Album review by firstname.lastname@example.org
It just keeps on getting better for fans of psychedelic sounds, in this case those with a passion for heavy-psych and drone-rock, because Norwegians Electric Eye have set the controls for the heart of the sun and are hurtling towards it like a monstrous meteor that will destroy everything in its path. The album title couldn't be more fitting, and this debut album delivers exactly what has been hoped for - and from what we gather, it's been a while coming, so we're assuming that fans who got to the band before us will be made-up that their patience has paid off. But before we get ahead of ourselves and proclaim this to be a wonderful sonic adventure of an album, let's examine the music in a little more detail.
It's a deep, heavy, all-conquering start to 'Pickup, Liftoff, Space, Time!' with instrumental track '6am', a song that shows the band aren't afraid to go overboard with the guitars. It's like an avalanche of noise that engulfs you. The band don't deviate too far from this direction over the album's seven tracks, but the intensity is allowed to settle down a touch on 'Lake Geneva', the first time we hear vocals, although it's still largely instrumental and wouldn't have sounded out of place on a Loop album (and we'll get to see how that band's new material compares now that they've reformed). The clips of scientists talking adds to the effect of not being in the normal world, although here the focus is on the deepest ocean trenches to be found on earth, themselves like exploring a different planet.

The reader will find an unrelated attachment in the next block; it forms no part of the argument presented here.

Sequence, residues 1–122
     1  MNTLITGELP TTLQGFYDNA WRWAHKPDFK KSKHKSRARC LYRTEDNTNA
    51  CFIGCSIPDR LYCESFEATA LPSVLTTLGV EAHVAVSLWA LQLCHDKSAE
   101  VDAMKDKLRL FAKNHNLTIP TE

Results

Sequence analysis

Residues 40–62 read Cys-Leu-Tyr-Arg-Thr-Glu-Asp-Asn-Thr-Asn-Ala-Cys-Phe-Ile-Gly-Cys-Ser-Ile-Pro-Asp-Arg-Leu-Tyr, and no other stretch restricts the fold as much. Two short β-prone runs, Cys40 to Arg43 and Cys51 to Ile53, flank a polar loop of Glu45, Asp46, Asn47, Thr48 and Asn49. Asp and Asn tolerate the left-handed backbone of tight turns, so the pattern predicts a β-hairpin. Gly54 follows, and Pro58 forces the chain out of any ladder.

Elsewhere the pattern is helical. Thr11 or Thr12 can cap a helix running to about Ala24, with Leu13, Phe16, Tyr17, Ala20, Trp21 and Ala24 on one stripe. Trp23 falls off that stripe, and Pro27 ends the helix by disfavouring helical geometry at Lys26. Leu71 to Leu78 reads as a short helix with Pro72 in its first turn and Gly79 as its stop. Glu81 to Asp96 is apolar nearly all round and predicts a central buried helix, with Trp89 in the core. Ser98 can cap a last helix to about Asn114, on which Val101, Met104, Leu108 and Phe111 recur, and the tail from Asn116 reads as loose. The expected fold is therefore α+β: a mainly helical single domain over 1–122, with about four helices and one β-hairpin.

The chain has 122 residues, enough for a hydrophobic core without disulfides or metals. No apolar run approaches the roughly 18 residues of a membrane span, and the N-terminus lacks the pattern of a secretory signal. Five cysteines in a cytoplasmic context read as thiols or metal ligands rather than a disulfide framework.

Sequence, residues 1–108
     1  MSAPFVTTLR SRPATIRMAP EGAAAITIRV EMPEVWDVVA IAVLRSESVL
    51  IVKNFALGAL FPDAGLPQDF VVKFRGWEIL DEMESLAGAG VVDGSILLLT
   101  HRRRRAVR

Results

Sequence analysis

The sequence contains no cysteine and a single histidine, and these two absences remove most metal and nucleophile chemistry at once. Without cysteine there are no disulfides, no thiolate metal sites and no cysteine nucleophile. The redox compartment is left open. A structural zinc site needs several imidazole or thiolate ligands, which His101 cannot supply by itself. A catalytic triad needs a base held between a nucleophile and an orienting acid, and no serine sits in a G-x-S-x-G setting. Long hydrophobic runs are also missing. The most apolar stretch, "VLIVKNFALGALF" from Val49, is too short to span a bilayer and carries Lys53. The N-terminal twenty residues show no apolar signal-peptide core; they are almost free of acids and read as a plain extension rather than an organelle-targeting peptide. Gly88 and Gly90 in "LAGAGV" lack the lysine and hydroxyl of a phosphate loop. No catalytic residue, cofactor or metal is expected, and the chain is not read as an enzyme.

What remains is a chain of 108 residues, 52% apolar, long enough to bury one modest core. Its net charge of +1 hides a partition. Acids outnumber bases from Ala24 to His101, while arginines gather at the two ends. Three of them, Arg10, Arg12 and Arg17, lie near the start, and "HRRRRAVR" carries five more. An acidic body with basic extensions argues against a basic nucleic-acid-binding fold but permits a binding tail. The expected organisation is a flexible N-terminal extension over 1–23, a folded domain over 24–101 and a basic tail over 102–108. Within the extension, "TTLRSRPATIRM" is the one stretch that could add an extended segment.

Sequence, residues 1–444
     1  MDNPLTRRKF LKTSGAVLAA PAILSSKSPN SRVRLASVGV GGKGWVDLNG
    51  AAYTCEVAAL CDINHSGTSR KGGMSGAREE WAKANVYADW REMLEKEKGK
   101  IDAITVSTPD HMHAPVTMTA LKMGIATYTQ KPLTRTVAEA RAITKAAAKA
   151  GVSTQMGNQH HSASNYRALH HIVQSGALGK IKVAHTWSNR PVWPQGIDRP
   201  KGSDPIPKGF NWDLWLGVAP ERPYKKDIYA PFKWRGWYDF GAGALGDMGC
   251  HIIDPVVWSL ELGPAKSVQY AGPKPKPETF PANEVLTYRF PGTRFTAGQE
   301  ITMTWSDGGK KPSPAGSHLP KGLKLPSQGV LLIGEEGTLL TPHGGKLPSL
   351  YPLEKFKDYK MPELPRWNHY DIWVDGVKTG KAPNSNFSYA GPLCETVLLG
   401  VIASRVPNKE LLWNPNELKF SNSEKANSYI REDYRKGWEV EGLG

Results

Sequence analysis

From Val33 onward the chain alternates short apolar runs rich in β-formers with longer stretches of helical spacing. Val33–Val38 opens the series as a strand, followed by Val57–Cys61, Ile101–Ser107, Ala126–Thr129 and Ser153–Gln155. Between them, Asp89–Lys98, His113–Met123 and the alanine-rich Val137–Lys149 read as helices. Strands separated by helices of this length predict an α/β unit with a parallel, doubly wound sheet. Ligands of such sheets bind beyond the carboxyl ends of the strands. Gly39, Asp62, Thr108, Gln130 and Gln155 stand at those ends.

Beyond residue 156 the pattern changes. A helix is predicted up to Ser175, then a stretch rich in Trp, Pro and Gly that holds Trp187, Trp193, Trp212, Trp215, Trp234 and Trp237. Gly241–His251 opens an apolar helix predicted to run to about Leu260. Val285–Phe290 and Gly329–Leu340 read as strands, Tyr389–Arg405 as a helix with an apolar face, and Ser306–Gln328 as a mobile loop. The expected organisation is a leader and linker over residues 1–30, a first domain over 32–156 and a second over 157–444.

Single 'Tangerine' is more in line with most people's vision of psychedelia. Firstly there's the song name, the vocal style, the (we think) sitar and the guitar that's allowed to freely roam over the track as it pleases, adding a freedom and fluidity to the song instead of following a set structure. At the mid-point of the album the song lengths shorten slightly, and in 'Morning Light' we get more in the way of vocals whist sticking to the same sonic blueprint. This and the bluesy 'The Road', which is similarly truncated, could prove easy access points for more casual music fans, as would 'Kruskontroll' which is maybe the album's most conventional track, even having a touch of BRMC to it. Finally the song 'Electric Eye' feels as though you're in orbit; just drifting around some far-flung planet in deep space. It's a chilled climax to a sometimes intense voyage.
Electric Eye's website
Stream or buy the album
Catch them live:
Jul 26 Fres Festival, Fresvik, Norway
Sep 13 Phonofestivalen @ Kvarteret, Bergen, Norway
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